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Rhythm of Thought

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James Hentz is a Professor and Chair, Department of International Studies and Political Science, Virginia Military Institute, USA.
He is the editor-in-chief of the Taylor & Francis/Routledge quarterly journal “African Security”.

In the paper “National and Human Security in Sub-Sahara Africa”, J. Hentz notes:

U.S. engagement in Africa, such as it is, is driven by classical national security issues: access to strategic resources (oil), the global war against terrorism, and great power competition (China).
The better approach to Africa is to understand how its security issues transcend the false dichotomy between humanitarian and national security concerns
He is of the view that humanitarian exploit offers greater cause and urgency compared to realpolitik.
Does this mean that the United States is yet to show compassion adequate enough to help states in Africa?

James Hentz
He notes that human security is rarely the catalyst for intervention in Africa, atleast since Mogadishu in 1994.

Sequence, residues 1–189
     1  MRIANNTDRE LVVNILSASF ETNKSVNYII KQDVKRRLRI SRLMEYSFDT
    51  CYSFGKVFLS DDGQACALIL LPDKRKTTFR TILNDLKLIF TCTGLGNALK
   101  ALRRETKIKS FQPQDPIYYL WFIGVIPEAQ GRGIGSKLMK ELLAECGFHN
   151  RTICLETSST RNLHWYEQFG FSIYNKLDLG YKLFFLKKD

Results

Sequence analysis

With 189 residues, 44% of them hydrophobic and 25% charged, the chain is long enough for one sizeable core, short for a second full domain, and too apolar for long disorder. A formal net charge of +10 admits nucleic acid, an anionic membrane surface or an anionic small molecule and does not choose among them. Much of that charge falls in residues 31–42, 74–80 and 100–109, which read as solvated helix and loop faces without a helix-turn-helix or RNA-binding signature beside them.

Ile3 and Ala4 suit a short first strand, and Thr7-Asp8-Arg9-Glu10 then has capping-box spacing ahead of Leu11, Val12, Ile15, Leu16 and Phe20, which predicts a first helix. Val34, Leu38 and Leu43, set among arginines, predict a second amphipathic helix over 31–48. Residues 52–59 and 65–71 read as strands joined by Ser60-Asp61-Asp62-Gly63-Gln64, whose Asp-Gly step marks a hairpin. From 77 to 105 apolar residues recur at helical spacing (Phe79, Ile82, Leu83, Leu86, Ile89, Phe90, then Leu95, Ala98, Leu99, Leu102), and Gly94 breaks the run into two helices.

Does this apply to the Libyan crises and the killing of Ghaddafi?

James J. Hentz is the co-editor of New and Critical Security and Regionalism: Beyond the Nation State (2003).

From 1993-1994 he was a visiting scholar at Rand Afrikaans University (Johannesburg).
In 2003, he was a visiting Fulbright Scholar at the Miklós Zrínyi National Defense University, Hungary; and in the summer of 2007, he was awarded the Duignan Distinguished Visiting Fellowship at Stanford University’s Hoover Institute.

Dr. Hentz won the 2007 Outstanding Faculty Award for the state of Virginia, from the State Council of Higher Education for Virginia. In 2014, he won the Virginia Social Science Association (VSSA) award for scholarship in International Studies and Political Science.
He is currently revising his manuscript, “Wars Across States in Africa”, for publication.
State Affairs!

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